Happy Centennial of a Big Global Streetcar Event

Tram procession on Riversdale Road, Camberwell, Melbourne, November 10, 1991. Courtesy Australian Rail Maps Group on Facebook.

Today is the 100th anniversary of the founding of the Melbourne & Metropolitan Tramways Board (M&MTB), whose history is wonderfully summarized in the quoted sections below, which were originally posted on Facebook by the group Australian Rail Maps, which also provided the historic photo from 1991 above.

The M&MTB built both of Muni’s W-class trams: W2 496 in 1929, and SW6 916 in 1946. (Muni also has W2 586, built in 1930, complete and in storage.) W-class trams are generally considered among the best ever built anywhere: simple, reliable, and durable. There were eight evolutionary classes of these vehicles, built between 1923 and 1956. In the photo above, W Class 380 and W1 Class 431 bring up the rear of this procession of older trams. Originally M&MTB painted its trams in a chocolate brown, but switched to the iconic green livery in the late 1920s. W-class trams still hold down service on the 35-City Circle line, as famous to Melbourne as cable cars are to San Francisco. These trams are in the process of being upgraded with some modern features while retaining their historic fabric into the W8 class, for decades more service. We have shared some of the details of these upgrades with Muni, for possible incorporation into its Melbourne trams.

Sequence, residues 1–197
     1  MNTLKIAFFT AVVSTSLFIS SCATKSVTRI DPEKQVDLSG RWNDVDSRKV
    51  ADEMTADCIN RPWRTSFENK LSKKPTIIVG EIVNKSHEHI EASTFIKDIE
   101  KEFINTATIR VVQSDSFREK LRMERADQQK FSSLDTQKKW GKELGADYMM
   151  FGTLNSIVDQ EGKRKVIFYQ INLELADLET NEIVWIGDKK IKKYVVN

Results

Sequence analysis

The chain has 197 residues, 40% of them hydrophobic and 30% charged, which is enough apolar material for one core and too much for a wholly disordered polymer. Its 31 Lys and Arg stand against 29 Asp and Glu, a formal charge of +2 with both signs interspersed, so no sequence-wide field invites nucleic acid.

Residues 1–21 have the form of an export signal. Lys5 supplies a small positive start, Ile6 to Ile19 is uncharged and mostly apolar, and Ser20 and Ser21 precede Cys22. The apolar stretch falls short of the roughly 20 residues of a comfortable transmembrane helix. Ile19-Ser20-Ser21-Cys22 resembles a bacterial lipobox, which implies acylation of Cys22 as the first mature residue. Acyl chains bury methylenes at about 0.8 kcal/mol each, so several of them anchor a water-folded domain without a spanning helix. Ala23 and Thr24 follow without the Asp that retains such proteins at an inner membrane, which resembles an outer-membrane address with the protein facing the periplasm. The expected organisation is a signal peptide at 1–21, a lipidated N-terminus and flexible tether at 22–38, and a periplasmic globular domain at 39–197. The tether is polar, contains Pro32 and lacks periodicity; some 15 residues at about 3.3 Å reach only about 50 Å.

You can find a complete all-time roster of Melbourne trams here.

Melbourne today continues to operate the largest electric streetcar network in the world, thanks to the enduring commitment started by M&MTB. Happy Centennial to our friends Down Under. And thanks to Adolfo Echeverry for the great photo immediately below of Muni’s 496 (left) and 916 at the Ferry Building.